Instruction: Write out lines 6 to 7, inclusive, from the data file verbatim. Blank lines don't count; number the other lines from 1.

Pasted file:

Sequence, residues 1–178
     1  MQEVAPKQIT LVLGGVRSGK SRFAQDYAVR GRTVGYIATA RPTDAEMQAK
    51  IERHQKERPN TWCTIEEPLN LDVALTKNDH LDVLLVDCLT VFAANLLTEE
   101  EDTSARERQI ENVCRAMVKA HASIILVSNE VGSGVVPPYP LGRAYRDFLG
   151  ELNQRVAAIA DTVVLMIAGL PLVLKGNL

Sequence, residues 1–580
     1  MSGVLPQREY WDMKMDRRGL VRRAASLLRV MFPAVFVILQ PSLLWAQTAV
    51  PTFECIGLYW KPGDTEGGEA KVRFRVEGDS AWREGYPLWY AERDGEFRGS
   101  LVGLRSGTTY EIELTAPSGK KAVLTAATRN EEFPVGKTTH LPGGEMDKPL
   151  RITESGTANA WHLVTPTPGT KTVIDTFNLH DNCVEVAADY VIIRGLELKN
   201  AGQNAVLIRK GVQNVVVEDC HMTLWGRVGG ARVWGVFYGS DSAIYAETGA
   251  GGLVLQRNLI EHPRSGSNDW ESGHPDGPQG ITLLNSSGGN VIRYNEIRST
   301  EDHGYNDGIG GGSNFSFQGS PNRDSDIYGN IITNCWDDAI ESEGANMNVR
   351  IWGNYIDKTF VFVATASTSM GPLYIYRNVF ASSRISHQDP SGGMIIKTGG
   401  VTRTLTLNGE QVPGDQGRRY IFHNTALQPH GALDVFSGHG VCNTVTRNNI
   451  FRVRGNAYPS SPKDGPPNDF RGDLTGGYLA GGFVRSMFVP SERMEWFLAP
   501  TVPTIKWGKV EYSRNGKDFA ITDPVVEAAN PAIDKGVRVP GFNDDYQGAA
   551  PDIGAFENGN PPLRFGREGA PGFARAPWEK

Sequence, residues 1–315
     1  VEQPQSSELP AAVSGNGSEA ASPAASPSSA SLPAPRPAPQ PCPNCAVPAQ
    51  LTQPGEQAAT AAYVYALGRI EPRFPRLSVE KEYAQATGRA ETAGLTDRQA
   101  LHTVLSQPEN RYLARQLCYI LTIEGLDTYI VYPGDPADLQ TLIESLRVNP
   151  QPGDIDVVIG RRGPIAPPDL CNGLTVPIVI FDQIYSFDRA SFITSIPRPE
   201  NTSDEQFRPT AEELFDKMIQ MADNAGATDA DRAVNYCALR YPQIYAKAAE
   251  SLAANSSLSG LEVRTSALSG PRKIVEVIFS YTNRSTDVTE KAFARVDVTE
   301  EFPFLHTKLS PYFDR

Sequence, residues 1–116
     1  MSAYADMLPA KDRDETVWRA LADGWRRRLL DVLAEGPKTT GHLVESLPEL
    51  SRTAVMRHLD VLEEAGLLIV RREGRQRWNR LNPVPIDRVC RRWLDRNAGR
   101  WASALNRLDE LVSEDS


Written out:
Sequence, residues 1–580
     1  MSGVLPQREY WDMKMDRRGL VRRAASLLRV MFPAVFVILQ PSLLWAQTAV